"We might or we might not."
Bathsheba turned and looked into the fire, that Liddy might not see her face. Finding that her mistress was going to say no more, Liddy glided out, closed the door softly, and went to bed.
Bathsheba's face, as she continued looking into the fire that evening, might have excited solicitousness on her account even among those who loved her least. The sadness of Fanny Robin's fate did not make Bathsheba's glorious, although she was the Esther to this poor Vashti, and their fates might be supposed to stand in some respects as contrasts to each other. When Liddy came into the room a second time the beautiful eyes which met hers had worn a listless, weary look. When she went out after telling the story they had expressed wretchedness in full activity. Her simple country nature, fed on old-fashioned principles, was troubled by that which would have troubled a woman of the world very little, both Fanny and her child, if she had one, being dead.
Bathsheba had grounds for conjecturing a connection between her own history and the dimly suspected tragedy of Fanny's end which Oak and Boldwood never for a moment credited her with possessing. The meeting with the lonely woman on the previous Saturday night had been unwitnessed and unspoken of. Oak may have had the best of intentions in withholding for as many days as possible the details of what had happened to Fanny; but had he known that Bathsheba's perceptions had already been exercised in the matter, he would have done nothing to lengthen the minutes of suspense she was now undergoing, when the certainty which must terminate it would be the worst fact suspected after all.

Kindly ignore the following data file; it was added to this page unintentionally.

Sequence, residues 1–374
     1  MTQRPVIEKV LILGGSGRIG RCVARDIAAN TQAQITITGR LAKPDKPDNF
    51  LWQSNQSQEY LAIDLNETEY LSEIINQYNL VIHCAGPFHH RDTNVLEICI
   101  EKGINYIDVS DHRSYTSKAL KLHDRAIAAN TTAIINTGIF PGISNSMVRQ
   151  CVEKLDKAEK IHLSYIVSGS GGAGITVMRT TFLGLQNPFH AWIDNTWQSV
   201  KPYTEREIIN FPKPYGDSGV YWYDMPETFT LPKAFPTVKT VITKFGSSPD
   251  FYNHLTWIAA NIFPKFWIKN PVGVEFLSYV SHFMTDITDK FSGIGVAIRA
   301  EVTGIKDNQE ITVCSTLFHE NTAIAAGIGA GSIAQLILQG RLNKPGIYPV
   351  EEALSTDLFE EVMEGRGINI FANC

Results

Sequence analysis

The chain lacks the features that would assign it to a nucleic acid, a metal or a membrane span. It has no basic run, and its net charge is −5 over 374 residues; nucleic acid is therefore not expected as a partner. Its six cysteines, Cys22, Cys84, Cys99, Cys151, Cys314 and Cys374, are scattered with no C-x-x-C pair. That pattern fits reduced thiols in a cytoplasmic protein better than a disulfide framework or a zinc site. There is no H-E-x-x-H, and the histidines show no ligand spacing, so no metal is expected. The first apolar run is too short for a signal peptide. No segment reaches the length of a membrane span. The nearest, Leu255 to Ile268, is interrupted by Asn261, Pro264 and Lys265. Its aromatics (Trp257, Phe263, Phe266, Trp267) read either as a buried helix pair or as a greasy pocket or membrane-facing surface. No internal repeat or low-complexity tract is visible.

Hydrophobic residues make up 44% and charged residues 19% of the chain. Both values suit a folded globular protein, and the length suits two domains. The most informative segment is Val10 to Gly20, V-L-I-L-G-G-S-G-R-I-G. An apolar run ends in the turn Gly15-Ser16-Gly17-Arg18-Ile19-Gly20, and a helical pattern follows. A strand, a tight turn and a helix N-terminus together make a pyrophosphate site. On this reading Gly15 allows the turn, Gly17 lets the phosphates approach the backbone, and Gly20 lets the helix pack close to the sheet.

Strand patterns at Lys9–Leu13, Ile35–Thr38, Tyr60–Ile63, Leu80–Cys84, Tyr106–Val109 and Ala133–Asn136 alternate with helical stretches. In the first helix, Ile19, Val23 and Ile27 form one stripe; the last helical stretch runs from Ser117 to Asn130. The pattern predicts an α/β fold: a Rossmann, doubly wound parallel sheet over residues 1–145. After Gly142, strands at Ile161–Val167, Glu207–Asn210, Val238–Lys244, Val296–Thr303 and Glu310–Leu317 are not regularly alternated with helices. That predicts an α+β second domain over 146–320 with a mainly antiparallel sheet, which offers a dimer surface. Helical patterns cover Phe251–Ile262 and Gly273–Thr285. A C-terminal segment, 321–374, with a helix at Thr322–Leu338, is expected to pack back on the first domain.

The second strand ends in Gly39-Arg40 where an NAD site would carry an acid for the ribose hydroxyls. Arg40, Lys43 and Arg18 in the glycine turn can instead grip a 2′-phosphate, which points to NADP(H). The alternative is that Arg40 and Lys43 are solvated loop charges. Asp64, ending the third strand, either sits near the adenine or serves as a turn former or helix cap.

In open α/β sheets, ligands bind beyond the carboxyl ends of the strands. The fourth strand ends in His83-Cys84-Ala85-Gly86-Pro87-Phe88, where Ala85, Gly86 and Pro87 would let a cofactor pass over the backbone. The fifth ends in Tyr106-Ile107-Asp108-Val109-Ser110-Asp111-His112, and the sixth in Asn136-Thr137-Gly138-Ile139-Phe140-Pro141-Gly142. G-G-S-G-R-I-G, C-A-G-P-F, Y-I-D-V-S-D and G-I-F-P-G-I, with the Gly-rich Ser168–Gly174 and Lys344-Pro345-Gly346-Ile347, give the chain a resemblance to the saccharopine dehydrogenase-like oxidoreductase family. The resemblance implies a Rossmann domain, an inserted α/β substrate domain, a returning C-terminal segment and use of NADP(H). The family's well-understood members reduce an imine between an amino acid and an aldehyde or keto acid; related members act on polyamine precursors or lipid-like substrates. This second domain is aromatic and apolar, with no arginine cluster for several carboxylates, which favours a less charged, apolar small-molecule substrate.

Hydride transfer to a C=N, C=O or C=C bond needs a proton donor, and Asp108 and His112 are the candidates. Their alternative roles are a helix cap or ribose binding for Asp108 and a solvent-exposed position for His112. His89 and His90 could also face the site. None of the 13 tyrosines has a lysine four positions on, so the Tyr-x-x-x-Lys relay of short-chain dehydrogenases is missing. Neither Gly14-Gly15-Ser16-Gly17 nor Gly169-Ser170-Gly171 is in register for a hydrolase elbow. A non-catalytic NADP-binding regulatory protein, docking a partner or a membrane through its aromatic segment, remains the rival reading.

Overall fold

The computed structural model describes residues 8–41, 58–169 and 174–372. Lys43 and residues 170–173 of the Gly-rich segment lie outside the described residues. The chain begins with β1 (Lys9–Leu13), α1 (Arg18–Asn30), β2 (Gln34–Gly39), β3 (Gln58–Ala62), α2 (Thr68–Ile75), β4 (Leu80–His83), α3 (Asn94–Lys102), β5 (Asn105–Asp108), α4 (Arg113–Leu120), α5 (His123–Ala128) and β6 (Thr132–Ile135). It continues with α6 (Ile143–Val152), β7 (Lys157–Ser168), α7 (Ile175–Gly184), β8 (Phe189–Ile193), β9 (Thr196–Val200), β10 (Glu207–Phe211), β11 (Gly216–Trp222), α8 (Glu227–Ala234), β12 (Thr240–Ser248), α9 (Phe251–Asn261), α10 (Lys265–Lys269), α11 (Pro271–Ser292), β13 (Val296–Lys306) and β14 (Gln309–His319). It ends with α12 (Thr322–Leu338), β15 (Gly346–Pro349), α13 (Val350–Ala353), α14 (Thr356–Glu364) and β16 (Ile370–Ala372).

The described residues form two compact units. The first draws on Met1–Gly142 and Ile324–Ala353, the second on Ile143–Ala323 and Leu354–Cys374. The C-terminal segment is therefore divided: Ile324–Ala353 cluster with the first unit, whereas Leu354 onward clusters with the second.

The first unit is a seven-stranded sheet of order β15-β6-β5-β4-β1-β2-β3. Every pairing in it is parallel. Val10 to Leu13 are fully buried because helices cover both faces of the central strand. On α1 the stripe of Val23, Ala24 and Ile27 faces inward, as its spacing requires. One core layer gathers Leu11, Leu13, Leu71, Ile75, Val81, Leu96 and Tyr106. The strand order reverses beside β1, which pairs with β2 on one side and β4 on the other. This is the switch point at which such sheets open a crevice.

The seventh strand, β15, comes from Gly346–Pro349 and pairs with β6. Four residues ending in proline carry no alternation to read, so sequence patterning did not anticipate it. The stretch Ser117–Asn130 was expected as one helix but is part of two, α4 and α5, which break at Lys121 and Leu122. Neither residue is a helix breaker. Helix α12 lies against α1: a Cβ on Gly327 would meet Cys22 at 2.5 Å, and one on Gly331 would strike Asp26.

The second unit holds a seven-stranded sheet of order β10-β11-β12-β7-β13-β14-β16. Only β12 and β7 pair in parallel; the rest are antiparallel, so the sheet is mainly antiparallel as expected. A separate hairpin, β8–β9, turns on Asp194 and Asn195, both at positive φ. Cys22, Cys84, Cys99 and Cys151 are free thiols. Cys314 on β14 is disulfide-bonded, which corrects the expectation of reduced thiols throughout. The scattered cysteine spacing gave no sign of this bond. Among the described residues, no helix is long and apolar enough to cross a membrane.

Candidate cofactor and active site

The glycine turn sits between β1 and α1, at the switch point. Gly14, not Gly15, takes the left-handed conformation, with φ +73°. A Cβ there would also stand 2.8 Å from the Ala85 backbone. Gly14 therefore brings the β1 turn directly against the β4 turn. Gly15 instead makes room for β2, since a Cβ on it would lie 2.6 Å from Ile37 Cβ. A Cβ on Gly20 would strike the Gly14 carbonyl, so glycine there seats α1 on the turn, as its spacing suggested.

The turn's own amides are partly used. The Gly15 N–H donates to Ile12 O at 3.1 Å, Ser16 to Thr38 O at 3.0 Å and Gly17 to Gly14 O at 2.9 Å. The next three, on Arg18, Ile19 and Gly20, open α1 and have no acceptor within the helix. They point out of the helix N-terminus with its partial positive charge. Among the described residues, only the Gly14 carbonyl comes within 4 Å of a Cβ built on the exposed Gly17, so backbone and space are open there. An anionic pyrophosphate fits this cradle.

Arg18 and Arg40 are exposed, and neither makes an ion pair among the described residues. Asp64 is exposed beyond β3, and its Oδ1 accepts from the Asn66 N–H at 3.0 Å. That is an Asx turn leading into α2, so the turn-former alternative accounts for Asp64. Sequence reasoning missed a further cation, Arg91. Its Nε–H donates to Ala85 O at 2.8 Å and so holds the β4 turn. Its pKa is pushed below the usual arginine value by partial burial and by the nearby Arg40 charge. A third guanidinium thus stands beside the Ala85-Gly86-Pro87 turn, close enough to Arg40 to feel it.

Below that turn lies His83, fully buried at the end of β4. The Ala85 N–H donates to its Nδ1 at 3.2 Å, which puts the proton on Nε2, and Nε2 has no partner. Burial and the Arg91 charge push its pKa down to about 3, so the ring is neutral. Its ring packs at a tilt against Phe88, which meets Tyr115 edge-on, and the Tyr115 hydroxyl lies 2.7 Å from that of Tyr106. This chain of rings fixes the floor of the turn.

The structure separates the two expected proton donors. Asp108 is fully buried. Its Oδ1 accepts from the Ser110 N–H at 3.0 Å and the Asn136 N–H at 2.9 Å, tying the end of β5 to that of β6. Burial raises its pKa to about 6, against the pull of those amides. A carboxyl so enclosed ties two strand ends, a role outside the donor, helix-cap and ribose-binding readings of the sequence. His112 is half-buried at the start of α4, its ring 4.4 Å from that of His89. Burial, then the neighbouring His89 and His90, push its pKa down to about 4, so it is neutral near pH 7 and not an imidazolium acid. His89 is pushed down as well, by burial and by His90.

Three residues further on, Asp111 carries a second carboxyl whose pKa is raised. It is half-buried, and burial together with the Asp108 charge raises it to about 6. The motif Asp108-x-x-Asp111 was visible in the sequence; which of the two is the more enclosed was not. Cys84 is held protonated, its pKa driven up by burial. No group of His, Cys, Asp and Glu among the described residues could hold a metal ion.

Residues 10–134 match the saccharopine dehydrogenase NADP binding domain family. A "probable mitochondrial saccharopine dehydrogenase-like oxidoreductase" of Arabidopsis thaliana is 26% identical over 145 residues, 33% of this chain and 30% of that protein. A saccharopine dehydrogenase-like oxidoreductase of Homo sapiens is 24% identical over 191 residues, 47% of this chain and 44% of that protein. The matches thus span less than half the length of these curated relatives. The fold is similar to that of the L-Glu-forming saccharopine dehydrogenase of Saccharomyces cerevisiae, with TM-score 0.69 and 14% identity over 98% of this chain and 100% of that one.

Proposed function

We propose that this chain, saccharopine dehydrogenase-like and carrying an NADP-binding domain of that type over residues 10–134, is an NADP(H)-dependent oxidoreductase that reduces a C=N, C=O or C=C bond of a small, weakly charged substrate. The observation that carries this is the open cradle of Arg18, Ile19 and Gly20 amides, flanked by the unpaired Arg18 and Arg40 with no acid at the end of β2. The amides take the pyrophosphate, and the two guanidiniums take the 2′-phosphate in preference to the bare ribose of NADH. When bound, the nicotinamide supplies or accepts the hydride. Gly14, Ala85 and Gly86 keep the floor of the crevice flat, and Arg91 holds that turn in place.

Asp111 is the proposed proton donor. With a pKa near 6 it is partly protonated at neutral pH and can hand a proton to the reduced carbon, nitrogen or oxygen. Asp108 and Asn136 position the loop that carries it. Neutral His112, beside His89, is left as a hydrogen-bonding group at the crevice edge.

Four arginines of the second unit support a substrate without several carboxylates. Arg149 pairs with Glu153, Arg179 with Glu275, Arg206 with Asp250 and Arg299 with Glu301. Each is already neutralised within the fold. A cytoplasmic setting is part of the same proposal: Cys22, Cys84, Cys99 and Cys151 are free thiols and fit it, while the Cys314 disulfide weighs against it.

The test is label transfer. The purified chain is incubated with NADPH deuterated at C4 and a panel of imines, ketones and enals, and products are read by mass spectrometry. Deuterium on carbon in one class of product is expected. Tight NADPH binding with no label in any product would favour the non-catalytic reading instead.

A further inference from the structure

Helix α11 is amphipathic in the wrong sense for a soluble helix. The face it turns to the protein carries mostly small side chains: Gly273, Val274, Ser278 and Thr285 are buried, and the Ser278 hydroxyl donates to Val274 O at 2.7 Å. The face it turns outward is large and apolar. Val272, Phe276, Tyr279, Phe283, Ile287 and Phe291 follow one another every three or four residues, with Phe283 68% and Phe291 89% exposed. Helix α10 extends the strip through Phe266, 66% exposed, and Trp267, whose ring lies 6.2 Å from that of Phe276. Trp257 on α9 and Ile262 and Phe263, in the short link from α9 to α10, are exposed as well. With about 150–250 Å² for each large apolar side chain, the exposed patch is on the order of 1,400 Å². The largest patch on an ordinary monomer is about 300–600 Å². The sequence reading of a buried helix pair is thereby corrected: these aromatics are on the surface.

She suddenly felt a longing desire to speak to some one stronger than herself, and so get strength to sustain her surmised position with dignity and her lurking doubts with stoicism. Where could she find such a friend? nowhere in the house. She was by far the coolest of the women under her roof. Patience and suspension of judgement for a few hours were what she wanted to learn, and there was nobody to teach her. Might she but go to Gabriel Oak! — but that could not be. What a way Oak had, she thought, of enduring things. Boldwood, who seemed so much deeper and higher and stronger in feeling than Gabriel, had not yet learnt, any more than she herself, the simple lesson which Oak showed a mastery of by every turn and look he gave — that among the multitude of interests by which he was surrounded, those which affected his personal well-being were not the most absorbing and important in his eyes. Oak meditatively looked upon the horizon of circumstances without any special regard to his own standpoint in the midst. That was how she would wish to be. But then Oak was not racked by incertitude upon the inmost matter of his bosom, as she was at this moment. Oak knew all about Fanny that he wished to know — she felt convinced of that. If she were to go to him now at once and say no more than these few words, "What is the truth of the story?" he would feel bound in honour to tell her. It would be an inexpressible relief. No further speech would need to be uttered. He knew her so well that no eccentricity of behaviour in her would alarm him.